Happy holidays, and ‘tis the season for gift giving. I’m taking a break from my usual posts about writing to indulge in a little brainstorming for gifts for the writer and business communicator in your life. The gift can even be for yourself.
Here are a few ideas to get you started on your gift list. Many of these ideas were inspired in part by the Writer’s Digest holiday gift guide.
1. Books. Naturally, books will fall on any writer’s wish list, especially books about writing, reading or creativity. What writer wouldn’t want to add to their library? There are plenty of books available about becoming a better writer, improving your habits, overcoming writer’s block and more. Check out some of these book suggestions.
2. Writer’s tools of the trade. Every writer needs a dictionary, thesaurus, AP Stylebook and/or University of Chicago Manual of Style to complete their library. Add The Elements of Style and a basic grammar book, and their library is complete. They might have a dictionary, but since they are updated annually, it never hurts to give the writer on your list a more current version.
3. Caffeine containers (also known as coffee mugs). No writer or communicator should be without their supply of caffeine. Check out this collection of humorous coffee mugs from Café Press that are sure to put a smile on your face.
4. A really, really nice pen set. Many writers begin writing their stories longhand, so they need plenty of writing instruments to get the job done. Consider giving them a really nice stylish pen set (within budgetary reasons, of course), or a stock of their favorite pen, if they have one. Working with a stylish pen can put them in a more serious frame of mind when they write. Add a stack of notepads or legal pads, and your writer friend will be well stocked and ready to write before the New Year begins.
5. Professional development. Instead of a physical item, consider the gift of experience or education. Continuous learning is important to most writers and communicators. Writers are constantly searching for ways to improve their own craft and become better writers. Consider a gift of a Writer’s Digest subscription or an online course through Mediabistro. Writer’s Digest also offers online workshops.
6. Writing exercises and word puzzles. Exercise your brain and jumpstart your creativity with a magnetic word game. Each magnet contains a word, and with 100 or so word magnets, you can create some pretty imaginative poems. Put them on your refrigerator, and let the family create their own mini-short stories as they grab the milk.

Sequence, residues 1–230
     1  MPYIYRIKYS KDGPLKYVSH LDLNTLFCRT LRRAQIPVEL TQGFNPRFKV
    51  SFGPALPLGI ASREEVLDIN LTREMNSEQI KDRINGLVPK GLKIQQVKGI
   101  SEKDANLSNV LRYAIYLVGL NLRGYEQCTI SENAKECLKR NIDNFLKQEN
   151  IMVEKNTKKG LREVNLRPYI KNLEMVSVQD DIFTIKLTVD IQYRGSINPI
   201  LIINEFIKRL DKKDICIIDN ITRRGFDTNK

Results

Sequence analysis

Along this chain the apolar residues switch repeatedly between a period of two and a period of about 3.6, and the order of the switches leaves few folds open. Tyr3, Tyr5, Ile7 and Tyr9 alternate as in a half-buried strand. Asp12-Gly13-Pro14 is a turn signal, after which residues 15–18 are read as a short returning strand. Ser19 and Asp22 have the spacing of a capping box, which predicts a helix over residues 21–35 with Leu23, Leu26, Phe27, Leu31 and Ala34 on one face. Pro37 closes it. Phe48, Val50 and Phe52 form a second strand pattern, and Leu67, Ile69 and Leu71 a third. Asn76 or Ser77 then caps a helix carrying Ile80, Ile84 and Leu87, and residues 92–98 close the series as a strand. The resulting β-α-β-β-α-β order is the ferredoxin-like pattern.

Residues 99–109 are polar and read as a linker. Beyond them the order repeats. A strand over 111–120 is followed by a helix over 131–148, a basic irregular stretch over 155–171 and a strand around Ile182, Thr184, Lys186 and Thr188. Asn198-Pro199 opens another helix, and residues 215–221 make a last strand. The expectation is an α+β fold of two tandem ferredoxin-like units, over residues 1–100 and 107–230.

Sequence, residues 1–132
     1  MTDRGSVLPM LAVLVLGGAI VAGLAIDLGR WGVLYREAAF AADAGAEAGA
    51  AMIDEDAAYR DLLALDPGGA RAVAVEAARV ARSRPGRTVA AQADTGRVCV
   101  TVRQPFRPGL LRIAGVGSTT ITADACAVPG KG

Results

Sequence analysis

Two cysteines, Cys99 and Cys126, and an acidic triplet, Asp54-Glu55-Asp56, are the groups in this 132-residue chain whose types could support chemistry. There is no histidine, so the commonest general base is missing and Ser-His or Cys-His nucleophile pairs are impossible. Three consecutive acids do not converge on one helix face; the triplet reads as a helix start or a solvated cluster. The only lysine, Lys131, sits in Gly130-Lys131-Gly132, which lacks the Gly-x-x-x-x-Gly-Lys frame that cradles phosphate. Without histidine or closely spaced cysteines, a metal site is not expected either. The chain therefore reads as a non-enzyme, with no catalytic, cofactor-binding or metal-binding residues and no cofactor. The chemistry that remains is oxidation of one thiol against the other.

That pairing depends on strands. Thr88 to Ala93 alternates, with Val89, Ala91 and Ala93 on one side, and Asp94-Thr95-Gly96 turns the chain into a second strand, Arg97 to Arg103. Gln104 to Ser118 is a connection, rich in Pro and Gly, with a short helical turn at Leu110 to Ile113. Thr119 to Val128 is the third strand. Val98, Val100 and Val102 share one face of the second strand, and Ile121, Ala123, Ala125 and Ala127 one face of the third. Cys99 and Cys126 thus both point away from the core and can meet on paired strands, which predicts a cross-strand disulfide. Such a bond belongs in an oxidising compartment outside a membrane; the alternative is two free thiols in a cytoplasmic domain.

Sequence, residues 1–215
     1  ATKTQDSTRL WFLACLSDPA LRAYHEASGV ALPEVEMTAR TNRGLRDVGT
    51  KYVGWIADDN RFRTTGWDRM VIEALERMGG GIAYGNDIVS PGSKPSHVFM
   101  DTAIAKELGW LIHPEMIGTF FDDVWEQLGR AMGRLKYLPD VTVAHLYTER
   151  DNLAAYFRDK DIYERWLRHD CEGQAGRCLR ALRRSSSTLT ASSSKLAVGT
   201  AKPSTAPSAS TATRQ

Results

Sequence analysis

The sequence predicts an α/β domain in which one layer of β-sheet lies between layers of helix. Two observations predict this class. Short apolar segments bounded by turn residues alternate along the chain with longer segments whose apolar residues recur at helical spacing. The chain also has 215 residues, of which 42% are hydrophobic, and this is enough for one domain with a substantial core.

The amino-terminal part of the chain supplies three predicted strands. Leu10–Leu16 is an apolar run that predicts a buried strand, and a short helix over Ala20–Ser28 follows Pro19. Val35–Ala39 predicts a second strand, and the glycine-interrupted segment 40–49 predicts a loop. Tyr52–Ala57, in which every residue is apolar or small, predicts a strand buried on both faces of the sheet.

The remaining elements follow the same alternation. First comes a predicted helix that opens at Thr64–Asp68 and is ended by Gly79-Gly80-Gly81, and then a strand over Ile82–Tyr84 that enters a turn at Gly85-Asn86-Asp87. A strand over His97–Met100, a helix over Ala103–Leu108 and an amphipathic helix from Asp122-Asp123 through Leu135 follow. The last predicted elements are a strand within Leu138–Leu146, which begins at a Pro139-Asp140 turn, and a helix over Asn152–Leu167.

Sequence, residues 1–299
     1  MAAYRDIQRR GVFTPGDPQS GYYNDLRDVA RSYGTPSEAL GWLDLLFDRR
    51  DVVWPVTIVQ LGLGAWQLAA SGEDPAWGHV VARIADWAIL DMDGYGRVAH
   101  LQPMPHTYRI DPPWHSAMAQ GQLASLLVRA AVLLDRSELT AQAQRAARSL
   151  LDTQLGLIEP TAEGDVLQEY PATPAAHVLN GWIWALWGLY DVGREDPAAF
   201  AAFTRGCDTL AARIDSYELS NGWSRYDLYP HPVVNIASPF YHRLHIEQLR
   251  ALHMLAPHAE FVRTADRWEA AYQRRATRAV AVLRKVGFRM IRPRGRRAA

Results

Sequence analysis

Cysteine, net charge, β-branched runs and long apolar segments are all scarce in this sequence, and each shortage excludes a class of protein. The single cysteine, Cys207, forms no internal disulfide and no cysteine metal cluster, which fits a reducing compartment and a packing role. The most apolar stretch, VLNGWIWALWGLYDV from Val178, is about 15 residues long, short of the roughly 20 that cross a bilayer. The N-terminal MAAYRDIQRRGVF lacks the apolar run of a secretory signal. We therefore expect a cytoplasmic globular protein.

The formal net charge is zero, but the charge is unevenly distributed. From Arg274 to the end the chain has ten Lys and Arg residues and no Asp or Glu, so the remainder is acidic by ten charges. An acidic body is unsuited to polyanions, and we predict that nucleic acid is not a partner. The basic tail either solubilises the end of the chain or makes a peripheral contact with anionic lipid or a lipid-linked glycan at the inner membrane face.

Another option is the Writer’s Toolbox, described as “more exercises and games to inspire ‘the write side of the brain.’ Get the family involved with a Once Upon a Time storytelling card game. One person begins as the Storyteller and begins telling a story using the elements described on their cards, guiding the plot toward their Ending Card. But other players can interrupt the Storyteller with their own elements and the right to take over as the new Storyteller. All these options are sure to be fun for you and the whole family.
7. A book of writing prompts. Occasionally writers need help generating story ideas. To get the creative juices flowing, they might appreciate a book of writing prompts. Before you know it, the writer in your life (or even the writer in you) will be off and running on their next story.
8. Do Not Disturb signs. Some years ago, I once saw a sign that read “Do Not Disturb. Genius at Work.” I laughed at the time, but I think it succinctly describes the sentiment most writers feel when they are at work. Writers are creative geniuses who need privacy and quiet, uninterrupted time to plot, daydream, and craft their stories. Let people know that once that sign is on the door, it’s time to get down to work.
I hope these ideas give you a head start on your gift shopping for the writers in your life. And don’t be shy about giving a gift to yourself. The more you invest in yourself, the more you improve your writing life.
Happy shopping and happy holidays.